Full Chisel Blog

June 13, 2010

Recreating the Past

 

Or what it is like to ‘get into the moment’.  Over the course of my interest in history I have had moments [some lasting a while] that have left me with the feeling that I have had an historic experience.   I could not tell in which century I was actually in at the time.  While not an out of the body experience, it is both mental and physical and can be a rush.

Some of these moments came during reenactments, in 1975 on Henry’s Fork of the Green River near Burnt Fork Wyoming, the American Mountain Men annual rendezvous was held on the original site on the 150th anniversary of the first western fur trade rendezvous.  During the week long gathering I had several experiences when the line between now and then was gone.  The sights, smell and sounds recreated an environment where all around were opportunities to step back into the past and have an unequalled historic experience.  Many people had their own moments.

On a more practical note, I have also had moments while using old tools or trying to figure out how to use old tools.  In 1978 at Conner Prairie Pioneer Settlement in Noblesville Indiana, an 1836 living history museum [where first person interpretation got its start], I had the opportunity to use a twibil.  Now for those who do not know what a twibil is, it is called a twibil because it has twin bills or blades, one a chisel shape and the other an ax shape so the blades are perpendicular to each other and opposite one another with a long metal eye for the short wooden handle.  I had read in other books how these were used and tried pounding with a mallet on the eye as was suggested but that didn’t get me anywhere.  So I sat down and held the twibil in my hands and contemplated how it might really be used.

I had to mortise sixteen 2 inch square through some green 5 inch square white oak and two through mortises 2 inch by six inch for a large pug mill for the Pottery.  My horse was used to power the completed large pug mill that could mix 600 pounds of clay at a time.  I wanted to use the twibil, with a wrought iron body and laid steel on the cutting edges and had sharpened both ends but from the descriptions, it wasn’t working.  Then looking at the inch and a half holes I had bored through the wood and looked at the tool itself, I had a moment.

I realized that the tool was not struck with a mallet or maul to drive it into the wood but was used to loosen the twibil if it became stuck in the wood.  I figured out that the tool was swung like an ax rather than beaten with a mallet.  The chisel side was used for the cross grain and the ax side was used for the inside cheeks of the mortise, with the grain.  Only having to change orientation for the opposite cross grain part, I was swinging and chips were flying.  It was truly an amazing experience and after several hours I had chopped through all 18 mortises and had several moments along the way.  Experimental archeology at its best.  The complete description of the process is in Shepherds’ Compleat Early Nineteenth Century Woodworker published in 1981 and reprinted in 2004.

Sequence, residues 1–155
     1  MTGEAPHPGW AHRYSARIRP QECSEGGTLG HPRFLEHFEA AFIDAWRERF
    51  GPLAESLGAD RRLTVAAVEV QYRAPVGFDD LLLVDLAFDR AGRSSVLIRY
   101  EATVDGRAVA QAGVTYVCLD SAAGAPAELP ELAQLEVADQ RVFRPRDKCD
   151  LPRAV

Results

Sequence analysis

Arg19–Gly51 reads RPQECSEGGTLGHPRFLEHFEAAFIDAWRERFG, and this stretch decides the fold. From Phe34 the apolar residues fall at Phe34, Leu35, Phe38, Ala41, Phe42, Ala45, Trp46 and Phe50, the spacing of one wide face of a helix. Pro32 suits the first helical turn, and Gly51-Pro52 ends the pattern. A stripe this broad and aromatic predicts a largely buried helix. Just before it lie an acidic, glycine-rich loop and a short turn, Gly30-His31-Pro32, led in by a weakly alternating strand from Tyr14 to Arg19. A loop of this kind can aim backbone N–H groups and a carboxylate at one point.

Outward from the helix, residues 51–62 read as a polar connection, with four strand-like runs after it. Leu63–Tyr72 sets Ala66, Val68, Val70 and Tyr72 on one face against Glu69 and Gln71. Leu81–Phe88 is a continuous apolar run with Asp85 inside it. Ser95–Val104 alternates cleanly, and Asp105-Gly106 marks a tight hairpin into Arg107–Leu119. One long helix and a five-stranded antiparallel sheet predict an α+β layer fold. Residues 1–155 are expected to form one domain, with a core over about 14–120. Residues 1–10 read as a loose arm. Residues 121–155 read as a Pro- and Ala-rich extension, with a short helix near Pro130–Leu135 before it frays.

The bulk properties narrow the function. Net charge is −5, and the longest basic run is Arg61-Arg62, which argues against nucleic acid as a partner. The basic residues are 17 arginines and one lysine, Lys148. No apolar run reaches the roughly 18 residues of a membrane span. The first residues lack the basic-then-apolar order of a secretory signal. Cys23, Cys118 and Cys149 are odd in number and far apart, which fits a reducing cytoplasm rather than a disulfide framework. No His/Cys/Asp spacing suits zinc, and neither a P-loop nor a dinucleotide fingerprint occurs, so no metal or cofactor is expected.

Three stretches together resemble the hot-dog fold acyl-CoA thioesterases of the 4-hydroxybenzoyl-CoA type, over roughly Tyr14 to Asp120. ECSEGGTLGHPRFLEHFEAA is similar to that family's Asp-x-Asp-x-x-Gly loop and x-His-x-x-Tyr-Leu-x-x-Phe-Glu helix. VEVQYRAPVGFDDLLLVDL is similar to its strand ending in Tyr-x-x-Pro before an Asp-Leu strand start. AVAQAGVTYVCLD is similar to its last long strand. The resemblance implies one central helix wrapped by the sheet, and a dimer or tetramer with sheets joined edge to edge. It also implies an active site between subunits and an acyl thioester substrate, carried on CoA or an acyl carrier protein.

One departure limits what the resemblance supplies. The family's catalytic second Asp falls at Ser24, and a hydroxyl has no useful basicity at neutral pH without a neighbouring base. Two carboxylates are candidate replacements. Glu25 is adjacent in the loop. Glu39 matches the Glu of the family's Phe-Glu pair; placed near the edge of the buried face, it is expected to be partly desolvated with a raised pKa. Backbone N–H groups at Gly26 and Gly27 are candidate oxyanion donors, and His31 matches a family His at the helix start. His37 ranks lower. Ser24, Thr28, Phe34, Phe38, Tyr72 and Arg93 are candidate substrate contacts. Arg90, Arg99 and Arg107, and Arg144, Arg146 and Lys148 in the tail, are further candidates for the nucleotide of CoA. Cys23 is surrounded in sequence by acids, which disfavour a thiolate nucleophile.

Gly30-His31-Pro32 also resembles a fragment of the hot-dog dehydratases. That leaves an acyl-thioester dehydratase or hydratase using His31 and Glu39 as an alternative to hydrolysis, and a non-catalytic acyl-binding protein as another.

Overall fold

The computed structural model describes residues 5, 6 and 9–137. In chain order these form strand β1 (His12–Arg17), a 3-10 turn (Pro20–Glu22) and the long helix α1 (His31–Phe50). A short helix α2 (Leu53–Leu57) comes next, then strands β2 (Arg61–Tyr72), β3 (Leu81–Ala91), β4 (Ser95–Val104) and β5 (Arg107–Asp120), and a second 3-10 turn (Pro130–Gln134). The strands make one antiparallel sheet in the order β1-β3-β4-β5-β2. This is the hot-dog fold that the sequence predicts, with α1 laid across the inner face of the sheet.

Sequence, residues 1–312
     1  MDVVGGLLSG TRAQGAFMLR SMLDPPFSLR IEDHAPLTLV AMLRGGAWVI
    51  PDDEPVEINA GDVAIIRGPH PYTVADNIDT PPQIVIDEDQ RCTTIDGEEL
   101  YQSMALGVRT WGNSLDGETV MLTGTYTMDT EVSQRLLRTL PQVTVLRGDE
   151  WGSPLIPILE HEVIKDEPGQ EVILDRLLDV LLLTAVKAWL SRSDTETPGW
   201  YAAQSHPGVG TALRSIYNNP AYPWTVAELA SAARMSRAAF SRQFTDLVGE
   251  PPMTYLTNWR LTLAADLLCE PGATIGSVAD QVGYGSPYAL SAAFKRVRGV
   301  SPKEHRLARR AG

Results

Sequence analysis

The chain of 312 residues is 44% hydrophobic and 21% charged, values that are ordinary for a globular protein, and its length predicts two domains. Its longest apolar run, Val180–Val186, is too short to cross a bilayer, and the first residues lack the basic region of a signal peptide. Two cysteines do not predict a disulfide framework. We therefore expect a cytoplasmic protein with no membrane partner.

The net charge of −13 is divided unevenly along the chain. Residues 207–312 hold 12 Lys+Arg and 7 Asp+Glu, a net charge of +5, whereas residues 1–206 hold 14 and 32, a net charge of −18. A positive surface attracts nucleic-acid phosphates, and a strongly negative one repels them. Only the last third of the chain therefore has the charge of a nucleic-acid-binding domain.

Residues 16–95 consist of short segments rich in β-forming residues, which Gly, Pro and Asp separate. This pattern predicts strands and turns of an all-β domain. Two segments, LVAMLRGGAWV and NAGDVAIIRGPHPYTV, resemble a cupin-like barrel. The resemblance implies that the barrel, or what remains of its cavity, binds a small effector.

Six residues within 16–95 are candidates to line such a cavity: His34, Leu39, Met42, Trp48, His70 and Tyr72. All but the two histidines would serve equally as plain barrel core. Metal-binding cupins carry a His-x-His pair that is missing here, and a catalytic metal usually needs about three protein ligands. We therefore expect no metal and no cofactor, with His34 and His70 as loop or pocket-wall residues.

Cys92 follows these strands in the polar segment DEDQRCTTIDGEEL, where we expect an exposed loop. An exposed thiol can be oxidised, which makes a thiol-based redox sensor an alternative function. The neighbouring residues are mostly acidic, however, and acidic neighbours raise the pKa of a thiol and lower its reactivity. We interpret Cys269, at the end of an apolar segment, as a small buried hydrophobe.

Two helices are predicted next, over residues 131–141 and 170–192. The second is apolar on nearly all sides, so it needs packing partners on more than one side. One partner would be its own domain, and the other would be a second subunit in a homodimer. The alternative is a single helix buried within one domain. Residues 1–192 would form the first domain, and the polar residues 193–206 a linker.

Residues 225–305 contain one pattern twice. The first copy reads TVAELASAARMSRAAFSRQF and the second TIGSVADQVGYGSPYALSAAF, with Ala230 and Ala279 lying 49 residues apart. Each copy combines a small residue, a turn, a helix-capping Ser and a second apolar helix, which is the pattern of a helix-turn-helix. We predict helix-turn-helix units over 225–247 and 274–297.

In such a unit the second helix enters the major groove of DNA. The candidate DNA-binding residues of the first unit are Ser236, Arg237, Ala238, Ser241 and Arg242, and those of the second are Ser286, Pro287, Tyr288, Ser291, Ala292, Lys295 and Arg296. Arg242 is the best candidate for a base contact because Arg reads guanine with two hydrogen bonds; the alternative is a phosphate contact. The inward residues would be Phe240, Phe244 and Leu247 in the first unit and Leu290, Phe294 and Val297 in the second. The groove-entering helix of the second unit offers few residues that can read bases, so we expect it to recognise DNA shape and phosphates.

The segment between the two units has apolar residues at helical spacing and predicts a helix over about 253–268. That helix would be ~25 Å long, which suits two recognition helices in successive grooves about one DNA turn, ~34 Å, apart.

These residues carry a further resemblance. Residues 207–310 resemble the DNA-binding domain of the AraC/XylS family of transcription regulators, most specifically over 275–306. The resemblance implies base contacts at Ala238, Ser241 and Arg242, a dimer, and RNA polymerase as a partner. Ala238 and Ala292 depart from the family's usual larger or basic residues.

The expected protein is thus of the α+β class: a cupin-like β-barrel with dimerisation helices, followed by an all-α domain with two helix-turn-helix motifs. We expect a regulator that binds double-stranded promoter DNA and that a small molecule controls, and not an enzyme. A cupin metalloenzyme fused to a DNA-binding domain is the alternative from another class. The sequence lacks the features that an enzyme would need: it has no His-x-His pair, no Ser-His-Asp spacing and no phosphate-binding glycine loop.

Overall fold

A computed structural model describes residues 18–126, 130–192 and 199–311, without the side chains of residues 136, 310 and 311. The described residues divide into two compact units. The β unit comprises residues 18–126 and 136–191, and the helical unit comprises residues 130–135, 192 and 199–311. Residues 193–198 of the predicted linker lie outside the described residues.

And this brings us to yesterday morning.  As part of a trek program for Mormon youth groups, they are dressed up in ‘period clothing’ and end up pulling hand carts several miles up the canyon on Park property returning in the afternoon.  The groups start out by camping overnight then early in the morning gather for a dramatic presentation by two actors playing Joseph and Hyrum Smith.  [Joseph Smith started the Latter Day Saints faith and was assassinated in June of 1844; he was at the time a presidential candidate].  A mob then rushes in, guns blazing, wrestles them to the ground, rough them up and haul them off in handcuffs and ropes to what will be their doom.  Needless to say many of the youth are in tears as the brothers are lead away, guns blazing, cursing, and a real looking mob scene.

The mob arrived before dawn to prepare, but on this day were distracted by the fact that the barn at the livery stable had burned killing the baby animals housed in side.  The mood of the mob as we prepared was somber unlike the many we had done before where all of the mob members had a good time.  On cue we fired our guns and burst into the school house and at about that time I had my moment.  I was not placing ropes on an actor’s hands, I had securing the hands of Hyrum Smith, I was angry and cursing the damn Mormons [part of the scripted presentation] and had an adrenalin rush that left me short of breath, sweating and slightly nauseated.  I was half way up the street before the moment went away.

Sometimes recreating the past isn’t pretty.

Stephen

2 Comments »

  1. Stephen, thanks for sharing. My two strongest moments in reenacting was at the 225th Savannah. We were on the right, Loyalist Milita from many small units. I got to lead the mishmash and found out why it was better for leaders to lead rather than fight. I was busy firing rather than watching and missed the rebel cavalry coming upon us. Our fire drove them back and we were then ordered to pull back to the redoubt and this time they pressed their charge, and us without bayonets! They held off for safety reasons but what a couple of WOW moments. I had never fully understood the OMG factor of charging horse cavalry before, now I do.

    YMH&OS
    Leon

    Comment by Leon — June 13, 2010 @ 6:43 pm

  2. I wish I could have been there. Those moments are the ones I leanrthe most from

    Comment by Jake — June 17, 2010 @ 9:06 am

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